All told it look us six days, from Saturday to Thursday, to make our twisted indirect journey from our flat in Twickenham to the south of France, covering 1,300 miles and stopping by Reims, Verdun, Nancy, Basel, the Alps, Lake Annecy and Turin on our whistlestop tour of Europe. The next stage of our holiday was a bit more tranquil: a week in the south of France in the Esterel mountains. A whole week without having to move again! Bliss. Don’t get me wrong, I absolutely loved our journey down, and I wouldn’t change any of it (apart, perhaps, from stopping by one of the French war cemeteries which looked a lot less ostentatious than the American one we visited). In fact, I suspect the tiring nature of the trip made us appreciate the sedateness when we arrived.
It was a couple of days after we arrived before I even took any pictures. In fact, save for a quick trip to the supermarket for supplies, on our first day I did nothing but relax. Not just relax but relax. I don’t think I’ve felt that relaxed for a long time before or since. There was a feeling that there was no more stress about finding hotels, or making up miles. We’d arrived, and for now there was nothing to worry about.
We were staying in what I’d call a static caravan (Americans would call it a mobile home, yet another example of two countries ostensibly speaking the same language using completely opposite words to describe the same thing) in campsite. We’d been to the area before. Holly and I first visited it on our honeymoon almost exactly four years earlier (we even stayed in the same campsite), and it quickly became one of our favourite places in the world outside of Dorset. It has all we look for in a holiday destination: beaches, weather, history, interesting geography, winding roads and lovely walks. It was the latter that drew us out for some of the first photographs I took whilst we were there.
The campsite we were staying at is nestled in the Massif de l’Esterel, a volcanic mountain range on the shores of the Mediterranean. When we were last there we scaled the Cap Roux, the tallest mountain in the range. This time, we explored the walking routes in the surrounding areas with a packed lunch.
The national park is a twisted mass of interconnected and identical-looking paths. We parked up, took a quick look at the map, picked a direction and wandered out of the car park. Our first choice of direction led us in relatively short order to a dead end near an active quarry. We turned around and picked another, and started walking.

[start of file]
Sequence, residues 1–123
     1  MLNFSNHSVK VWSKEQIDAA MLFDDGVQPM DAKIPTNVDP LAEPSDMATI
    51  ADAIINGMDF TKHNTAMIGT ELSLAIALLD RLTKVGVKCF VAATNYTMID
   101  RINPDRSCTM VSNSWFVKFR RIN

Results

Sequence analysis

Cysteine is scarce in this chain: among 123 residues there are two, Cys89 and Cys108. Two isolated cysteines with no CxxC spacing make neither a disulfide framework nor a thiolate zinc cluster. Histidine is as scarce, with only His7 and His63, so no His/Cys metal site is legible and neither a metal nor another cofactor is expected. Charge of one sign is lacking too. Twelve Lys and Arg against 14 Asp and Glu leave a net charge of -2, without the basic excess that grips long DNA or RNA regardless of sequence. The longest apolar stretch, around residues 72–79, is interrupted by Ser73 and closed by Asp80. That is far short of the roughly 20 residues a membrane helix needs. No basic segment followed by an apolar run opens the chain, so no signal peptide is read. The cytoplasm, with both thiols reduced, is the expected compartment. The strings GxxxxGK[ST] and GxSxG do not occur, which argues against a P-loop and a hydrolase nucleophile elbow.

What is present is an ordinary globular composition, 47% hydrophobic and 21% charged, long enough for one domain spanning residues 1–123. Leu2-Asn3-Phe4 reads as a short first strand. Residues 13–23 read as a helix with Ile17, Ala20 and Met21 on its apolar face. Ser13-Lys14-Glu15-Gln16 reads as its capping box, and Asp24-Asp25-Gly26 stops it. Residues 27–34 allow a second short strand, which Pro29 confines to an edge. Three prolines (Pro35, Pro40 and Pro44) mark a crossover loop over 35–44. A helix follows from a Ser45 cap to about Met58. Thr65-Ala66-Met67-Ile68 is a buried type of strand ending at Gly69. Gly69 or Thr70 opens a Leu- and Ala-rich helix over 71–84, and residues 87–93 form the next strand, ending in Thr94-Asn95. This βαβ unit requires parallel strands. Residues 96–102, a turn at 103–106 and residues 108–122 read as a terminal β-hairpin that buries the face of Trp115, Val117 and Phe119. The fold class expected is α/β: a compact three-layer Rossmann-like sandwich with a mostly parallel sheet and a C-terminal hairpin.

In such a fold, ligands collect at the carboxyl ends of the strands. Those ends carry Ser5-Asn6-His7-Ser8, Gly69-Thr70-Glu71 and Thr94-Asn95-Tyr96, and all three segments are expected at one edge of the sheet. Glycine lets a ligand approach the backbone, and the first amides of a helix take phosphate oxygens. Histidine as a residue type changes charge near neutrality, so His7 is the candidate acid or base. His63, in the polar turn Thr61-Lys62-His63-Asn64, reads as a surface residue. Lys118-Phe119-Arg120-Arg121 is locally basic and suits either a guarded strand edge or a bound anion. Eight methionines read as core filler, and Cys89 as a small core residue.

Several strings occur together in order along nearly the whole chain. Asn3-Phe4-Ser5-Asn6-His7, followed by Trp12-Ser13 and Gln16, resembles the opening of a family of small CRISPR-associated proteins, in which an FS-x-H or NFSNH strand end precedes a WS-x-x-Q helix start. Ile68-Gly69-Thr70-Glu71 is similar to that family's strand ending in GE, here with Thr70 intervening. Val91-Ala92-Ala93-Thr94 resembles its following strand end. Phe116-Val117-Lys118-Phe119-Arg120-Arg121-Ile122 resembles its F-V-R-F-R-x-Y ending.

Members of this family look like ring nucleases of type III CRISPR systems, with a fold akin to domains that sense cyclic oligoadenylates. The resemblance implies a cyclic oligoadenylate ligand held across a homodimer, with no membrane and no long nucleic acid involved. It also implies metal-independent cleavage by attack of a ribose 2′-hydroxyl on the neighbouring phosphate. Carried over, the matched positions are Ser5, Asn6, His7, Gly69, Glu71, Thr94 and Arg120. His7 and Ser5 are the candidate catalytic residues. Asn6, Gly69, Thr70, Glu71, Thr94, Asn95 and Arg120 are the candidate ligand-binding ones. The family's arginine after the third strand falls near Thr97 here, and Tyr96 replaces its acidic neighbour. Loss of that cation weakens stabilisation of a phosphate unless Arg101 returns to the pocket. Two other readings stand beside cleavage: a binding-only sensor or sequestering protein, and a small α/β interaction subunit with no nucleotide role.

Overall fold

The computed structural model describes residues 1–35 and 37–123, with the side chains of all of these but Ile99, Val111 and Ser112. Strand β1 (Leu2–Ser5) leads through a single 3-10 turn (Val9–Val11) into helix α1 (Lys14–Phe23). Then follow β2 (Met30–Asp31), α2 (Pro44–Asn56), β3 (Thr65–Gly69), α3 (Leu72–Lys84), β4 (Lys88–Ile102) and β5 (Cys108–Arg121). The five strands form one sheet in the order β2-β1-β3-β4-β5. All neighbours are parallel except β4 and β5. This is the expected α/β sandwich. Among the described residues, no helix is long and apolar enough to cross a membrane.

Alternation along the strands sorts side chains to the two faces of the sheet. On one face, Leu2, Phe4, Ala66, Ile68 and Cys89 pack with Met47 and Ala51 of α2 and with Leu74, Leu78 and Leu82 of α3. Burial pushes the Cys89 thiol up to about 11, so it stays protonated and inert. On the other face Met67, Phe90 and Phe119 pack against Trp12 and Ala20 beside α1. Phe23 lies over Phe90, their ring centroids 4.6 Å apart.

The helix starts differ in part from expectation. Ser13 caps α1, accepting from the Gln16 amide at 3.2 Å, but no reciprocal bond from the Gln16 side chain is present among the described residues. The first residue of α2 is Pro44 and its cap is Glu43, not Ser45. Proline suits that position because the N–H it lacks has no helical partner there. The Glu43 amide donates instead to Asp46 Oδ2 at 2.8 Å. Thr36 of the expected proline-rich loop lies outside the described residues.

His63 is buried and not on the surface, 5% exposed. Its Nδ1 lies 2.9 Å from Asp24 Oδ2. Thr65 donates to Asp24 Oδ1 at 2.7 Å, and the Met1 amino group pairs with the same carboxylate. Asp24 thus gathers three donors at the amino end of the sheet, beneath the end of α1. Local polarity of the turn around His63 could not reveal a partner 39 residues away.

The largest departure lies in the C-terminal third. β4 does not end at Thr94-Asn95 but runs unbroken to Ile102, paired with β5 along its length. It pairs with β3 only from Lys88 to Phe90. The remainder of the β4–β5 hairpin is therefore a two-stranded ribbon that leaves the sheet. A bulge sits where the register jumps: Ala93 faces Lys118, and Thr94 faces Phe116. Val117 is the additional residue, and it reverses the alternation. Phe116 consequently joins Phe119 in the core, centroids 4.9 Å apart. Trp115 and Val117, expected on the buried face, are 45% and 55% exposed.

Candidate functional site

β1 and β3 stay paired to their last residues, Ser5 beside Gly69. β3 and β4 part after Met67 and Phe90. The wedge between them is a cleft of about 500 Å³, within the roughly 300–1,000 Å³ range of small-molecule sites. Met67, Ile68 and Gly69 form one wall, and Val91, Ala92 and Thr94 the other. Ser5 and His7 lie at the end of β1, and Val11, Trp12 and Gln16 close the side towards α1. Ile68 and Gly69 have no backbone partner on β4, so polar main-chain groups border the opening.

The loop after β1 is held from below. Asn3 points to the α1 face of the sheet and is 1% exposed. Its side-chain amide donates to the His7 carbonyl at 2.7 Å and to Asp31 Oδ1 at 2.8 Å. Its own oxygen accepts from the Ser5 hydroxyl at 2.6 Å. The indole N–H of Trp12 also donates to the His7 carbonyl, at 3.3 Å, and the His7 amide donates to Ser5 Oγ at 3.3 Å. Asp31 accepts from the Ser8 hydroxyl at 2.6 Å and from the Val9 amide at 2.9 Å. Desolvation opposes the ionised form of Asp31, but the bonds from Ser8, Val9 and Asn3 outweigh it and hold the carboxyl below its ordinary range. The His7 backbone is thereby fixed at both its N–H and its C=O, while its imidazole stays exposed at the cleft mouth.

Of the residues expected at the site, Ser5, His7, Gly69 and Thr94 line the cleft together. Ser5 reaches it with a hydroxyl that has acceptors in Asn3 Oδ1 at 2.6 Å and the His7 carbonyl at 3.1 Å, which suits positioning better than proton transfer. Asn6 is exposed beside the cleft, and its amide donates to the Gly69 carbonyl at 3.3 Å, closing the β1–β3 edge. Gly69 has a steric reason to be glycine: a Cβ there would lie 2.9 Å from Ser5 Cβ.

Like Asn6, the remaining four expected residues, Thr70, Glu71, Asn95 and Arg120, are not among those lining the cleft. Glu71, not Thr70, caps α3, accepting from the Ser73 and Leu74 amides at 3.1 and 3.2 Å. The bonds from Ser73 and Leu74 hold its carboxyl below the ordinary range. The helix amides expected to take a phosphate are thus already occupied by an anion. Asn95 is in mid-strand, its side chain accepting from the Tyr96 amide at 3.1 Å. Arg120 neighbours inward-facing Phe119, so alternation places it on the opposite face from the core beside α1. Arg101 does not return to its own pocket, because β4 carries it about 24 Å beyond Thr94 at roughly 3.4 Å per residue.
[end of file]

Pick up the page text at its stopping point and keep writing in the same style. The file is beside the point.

Many of the paths ran alongside what looked like dried up river beds. Most of them were so dry it seemed there’d not been any water in them for years. Other areas were markedly more damp. One area we found was essentially a lagoon.
Ancient or possibly current rivers had clearly informed a lot of the geography of the area.
In some parts of the forest, things were flatter, with the occasional small body of water hidden amongst the trees.
Every so often we’d come to a fork or crossroads in the path. For the first few we picked whichever looked the most interesting. After a while we started picking the ones that should, in theory, start looping us back towards the car park. At one such crossroads we found this pile of rocks and metal.
After a while we realised that, despite walking in what felt like a big circle, and seeing a number of bends in the path that we were certain would be the one that would return us directly to the car park, we still hadn’t gotten back to our car. We hadn’t seen many people, it was very hot, we were getting very tired, and we were very low on water. It was at this point we finally referred to Google Maps on my phone, managed to find the right car park on our map, and get it to route our journey back.
We were still over two miles from the car.
Fortunately Google Maps worked and knew most of the paths and could give us a direct route to follow by GPS. Two miles over uneven ground and narrow and sometimes strep paths was rough, and it took us a good hour. All the way we tried to conserve water since we had so little left. Making it to the car, where we could turn on the air conditioning to its lowest setting and cool off and set in comfortable seats brought a wholly different form of relaxation. At the time I’m not really sure we appreciated just how serious a situation we could have been in but it was not inconceivable that something very bad could have happened to us whilst we were lost in the wilderness.
I’ve already mentioned that the campsite we were staying at was nestled in the forest. The best thing about this was the wildlife. We saw quite a few lizards running about the place (unfortunately pretty camera shy), but the main species we saw a lot of were these birds, which I believe to be collared doves. They were clearly used to the human presence as they were often prepared to get pretty close to us as we sat out on the deck, and were regularly seen in the trees and flying about the place.
These are apparently quite loving creatures. On one afternoon we saw a pair of them on a branch preening each other.
One of the things I loved about the spot we were staying in was the light. When the sun was low in the sky the light turned beautifully golden, enhanced by the trees. This light worked really well with the doves.
On the flipside of the light front, some evenings we also had some great moonlit nights.
It wouldn’t be a holiday destination we love without a coast.
Most of our week staying in the south of France was relaxing and sedate, and I didn’t take a huge amount of pictures whilst we were there, walking, spending time on the beach, chilling out. The exception to this was a day trip we took on which I took quite a few images – those will be along when we next return to the European tour, before we start looking at the photographs of the journey back.